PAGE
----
Saturday, April 16, 2011

It Happened At The World's Fair (1963, Norman Taurog)

It Happened At The World's Fair is a showcase of the Century 21 Exposition in Seattle, Washington thanks to then governor Albert Rosellini's suggestion to MGM.  As such, a lot of it plays like newsreel: extended shots up the Space Needle, a showcase of the monorail, and other fair attractions that serve no other narrative purpose.  The titular "it" in question is a bit of a mystery as three circumstantial storylines surrounding Elvis's Mike Edwards don't really converge (nor in some instances, resolve.)

Mike and his crop-dusting buddy, compulsive-gambler Danny (Gary Lockwood) hitchhike to Seattle after their plane is confiscated due to gambling debts.  While there, Mike plays babysitter to a young Chinese girl, Sue-Lin (Vicky Tiu, the third Tiu sister in two consecutive Elvis films) who gets separated from her uncle, and at the same time snakes his way into a relationship with a nurse at the fair, Diane Warren (Joan O'Brien).

Sue-Lin immediately (and rather inexplicably) takes a shine to Mike, calling him the nicest man she's ever known.  Strange, as Elvis's characters become increasingly unlikable as the his films progress.  Women exist, largely, to fulfill any need Mike might have.  No matter if it interferes with a woman's honest work through charlatanism, that's the least of Mike's infractions.  In an opening scene riffing North By Northwest, Mike swoops his plane down dangerously low to the ground to check out women, immediately dismissing the "one in the red dress" whose "ankles are a little thick" (a strange erratum as, not only is neither girl overweight, neither is wearing a red dress).  Worse than mere objectification, Mike later guffaws at Dianne "it must give a girl like you a wonderful feeling to know she can do something useful" when he learns she has applied for a job in the government space medicine program.  The Elvis musical-comedy formula is never a matter of the woman setting the man straight-- the film never allows for any culpability on our hero's part.  In fact, Dianne is painted the villain for (supposedly) calling child protective services when Sue-Lin is living in a trailer with two unrelated bachelors, one of whom being dangerously drunk.

Instead the film tries to make Mike the likable hero by sticking him with an adorable little girl (who has the savvy to help his courtship, unbeknownst to either of the two parties involved), and by partnering him up with an even worse male.  Danny gets involved in illegal gambling rackets, runs his mouth off as a drunk (despite the bar setting in many an Elvis movie, Elvis is never inebriated), and his plan to avoid financial ruin involves running illegal furs, almost getting Sue-Lin shot.  Any real-life red flags that would go up involving the character Mike keeps is shooed away in the musical-comedy.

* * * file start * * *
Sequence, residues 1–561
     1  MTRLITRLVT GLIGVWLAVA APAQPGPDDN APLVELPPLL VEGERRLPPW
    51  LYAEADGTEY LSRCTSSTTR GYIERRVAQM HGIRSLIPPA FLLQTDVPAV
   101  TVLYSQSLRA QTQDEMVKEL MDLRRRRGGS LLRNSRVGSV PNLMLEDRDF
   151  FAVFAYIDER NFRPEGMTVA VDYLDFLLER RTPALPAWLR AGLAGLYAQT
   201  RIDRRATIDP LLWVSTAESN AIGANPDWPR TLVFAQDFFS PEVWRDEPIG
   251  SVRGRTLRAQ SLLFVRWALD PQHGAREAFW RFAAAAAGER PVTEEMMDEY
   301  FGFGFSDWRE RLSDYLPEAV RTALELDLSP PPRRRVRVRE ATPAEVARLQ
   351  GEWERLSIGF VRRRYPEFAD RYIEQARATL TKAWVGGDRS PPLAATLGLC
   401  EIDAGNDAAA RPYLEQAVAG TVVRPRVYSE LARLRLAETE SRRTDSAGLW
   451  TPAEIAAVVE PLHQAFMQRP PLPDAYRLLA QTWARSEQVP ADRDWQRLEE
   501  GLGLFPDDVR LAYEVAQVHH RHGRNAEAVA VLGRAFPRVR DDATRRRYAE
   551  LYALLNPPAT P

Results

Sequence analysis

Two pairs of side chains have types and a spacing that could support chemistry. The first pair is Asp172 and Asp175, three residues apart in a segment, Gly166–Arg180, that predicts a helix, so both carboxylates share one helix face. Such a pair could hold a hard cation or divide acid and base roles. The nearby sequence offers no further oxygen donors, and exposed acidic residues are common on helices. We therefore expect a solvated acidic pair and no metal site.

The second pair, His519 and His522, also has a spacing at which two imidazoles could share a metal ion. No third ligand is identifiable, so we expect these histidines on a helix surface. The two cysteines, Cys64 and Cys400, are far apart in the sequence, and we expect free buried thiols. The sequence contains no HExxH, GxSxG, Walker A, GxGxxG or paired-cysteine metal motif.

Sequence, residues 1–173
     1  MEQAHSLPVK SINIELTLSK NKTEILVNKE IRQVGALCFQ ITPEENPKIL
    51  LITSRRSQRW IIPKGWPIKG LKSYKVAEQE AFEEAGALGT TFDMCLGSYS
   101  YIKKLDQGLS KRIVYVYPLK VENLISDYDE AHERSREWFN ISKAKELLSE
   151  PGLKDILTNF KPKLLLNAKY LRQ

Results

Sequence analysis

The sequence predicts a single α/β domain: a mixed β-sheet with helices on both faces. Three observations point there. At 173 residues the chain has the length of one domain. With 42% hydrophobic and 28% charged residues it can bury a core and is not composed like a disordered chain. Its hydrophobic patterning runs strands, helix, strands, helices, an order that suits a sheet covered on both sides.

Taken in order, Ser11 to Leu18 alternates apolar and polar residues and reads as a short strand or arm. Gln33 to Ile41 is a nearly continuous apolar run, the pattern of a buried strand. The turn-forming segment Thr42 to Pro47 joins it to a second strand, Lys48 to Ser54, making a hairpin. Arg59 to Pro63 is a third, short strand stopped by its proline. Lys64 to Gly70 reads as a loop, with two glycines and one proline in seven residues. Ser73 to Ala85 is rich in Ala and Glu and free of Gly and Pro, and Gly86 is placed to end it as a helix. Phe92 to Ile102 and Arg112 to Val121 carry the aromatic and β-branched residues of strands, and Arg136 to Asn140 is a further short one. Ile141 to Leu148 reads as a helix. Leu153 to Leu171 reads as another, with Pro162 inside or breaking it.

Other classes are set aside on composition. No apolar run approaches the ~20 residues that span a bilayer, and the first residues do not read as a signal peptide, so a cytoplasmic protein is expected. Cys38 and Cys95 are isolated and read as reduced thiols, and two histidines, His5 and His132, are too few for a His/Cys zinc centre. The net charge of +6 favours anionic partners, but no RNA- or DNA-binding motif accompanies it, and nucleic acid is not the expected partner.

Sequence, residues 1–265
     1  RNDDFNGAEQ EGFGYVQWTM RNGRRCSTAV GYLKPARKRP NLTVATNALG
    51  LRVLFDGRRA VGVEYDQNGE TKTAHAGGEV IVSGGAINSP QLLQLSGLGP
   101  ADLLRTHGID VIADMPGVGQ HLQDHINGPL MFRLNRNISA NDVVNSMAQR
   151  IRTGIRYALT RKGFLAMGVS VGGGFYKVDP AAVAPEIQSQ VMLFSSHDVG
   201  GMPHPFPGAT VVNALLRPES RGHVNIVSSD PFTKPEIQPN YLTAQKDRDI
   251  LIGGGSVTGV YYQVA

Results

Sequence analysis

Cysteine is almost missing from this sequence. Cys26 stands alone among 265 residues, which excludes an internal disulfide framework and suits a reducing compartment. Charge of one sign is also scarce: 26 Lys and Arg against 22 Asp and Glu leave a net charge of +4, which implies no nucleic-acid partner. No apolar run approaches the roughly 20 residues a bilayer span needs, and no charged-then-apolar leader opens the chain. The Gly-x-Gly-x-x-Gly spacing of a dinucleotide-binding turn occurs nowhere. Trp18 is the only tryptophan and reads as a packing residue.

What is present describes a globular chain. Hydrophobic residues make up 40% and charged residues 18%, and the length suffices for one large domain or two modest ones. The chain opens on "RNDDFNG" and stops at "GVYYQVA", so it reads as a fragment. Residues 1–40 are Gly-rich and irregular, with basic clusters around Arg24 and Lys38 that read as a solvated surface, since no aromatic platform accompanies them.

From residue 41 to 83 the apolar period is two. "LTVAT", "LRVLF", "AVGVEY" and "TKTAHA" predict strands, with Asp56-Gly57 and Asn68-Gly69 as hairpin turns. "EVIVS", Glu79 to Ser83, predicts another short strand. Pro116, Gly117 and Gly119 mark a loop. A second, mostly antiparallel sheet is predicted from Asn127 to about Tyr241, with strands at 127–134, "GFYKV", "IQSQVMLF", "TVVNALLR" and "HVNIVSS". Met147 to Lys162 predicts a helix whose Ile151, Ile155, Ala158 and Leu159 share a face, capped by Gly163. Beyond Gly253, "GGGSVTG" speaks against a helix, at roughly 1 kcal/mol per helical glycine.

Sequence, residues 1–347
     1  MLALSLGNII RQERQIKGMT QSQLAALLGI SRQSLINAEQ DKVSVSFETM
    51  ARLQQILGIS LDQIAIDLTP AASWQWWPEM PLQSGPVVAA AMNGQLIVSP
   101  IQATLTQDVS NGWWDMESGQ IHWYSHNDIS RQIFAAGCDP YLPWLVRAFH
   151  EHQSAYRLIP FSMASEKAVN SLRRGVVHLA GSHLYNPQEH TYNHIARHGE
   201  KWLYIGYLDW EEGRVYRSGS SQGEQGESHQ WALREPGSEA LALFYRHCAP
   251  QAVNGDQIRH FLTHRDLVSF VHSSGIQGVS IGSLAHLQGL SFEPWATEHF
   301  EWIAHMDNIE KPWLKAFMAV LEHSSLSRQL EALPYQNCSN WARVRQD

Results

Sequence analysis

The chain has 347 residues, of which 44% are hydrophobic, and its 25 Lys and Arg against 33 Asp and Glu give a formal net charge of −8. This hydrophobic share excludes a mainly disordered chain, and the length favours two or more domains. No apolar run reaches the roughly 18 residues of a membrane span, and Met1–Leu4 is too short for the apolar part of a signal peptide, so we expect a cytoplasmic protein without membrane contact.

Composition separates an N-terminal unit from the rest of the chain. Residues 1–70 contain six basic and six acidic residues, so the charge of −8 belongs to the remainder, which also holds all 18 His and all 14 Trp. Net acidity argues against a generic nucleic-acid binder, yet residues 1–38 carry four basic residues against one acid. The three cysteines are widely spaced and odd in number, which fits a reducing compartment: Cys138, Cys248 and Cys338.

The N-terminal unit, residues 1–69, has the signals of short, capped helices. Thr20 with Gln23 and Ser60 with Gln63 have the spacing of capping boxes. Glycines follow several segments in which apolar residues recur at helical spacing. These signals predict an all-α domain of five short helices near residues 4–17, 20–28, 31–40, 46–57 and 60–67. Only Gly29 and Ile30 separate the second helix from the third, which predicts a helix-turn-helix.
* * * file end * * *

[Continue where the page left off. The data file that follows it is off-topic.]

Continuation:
The film is an odd affair; as calculated as ever, the songs come every ten minutes and have little to do with the narrative.  And they don't even try to hide it.  The musical is also guilty of some of my favorite anachronisms: people pretending to play musical instruments, songs appearing to be played naturally though they contain more instrumentation than pictured, and songs fading out while being performed.  To make it even more surreal, Elvis is wearing a lot of noticeable makeup throughout the picture, and when Mike and Dianne sing a song about happy endings as the closing credits come up, we wonder what they are talking about:  last we could tell, Mike and Danny never got their plane back.

The songs are merely adequate, and, like much of It Happened At The World's Fair, are forgettable but never overtly insulting.  The package is wrapped up a little too neatly considering we're left with more questions than answers, but as is the case with the streamlined Elvis affair, his charisma carries the character flaws.  The commercial for Seattle bears higher production values than many of the Wallis pictures that came before and after this Ted Richmond production, and while Elvis Orphans tend to be obnoxious in these pictures, the adorable Vicky Tiu is much more winning.  The film does little to sidestep the formula that was becoming apparent in Presley's musicals, but, if for nothing more than the change of locale, It Happened At The World's Fair is one of the more likable of the lightweights.  -- **/four stars

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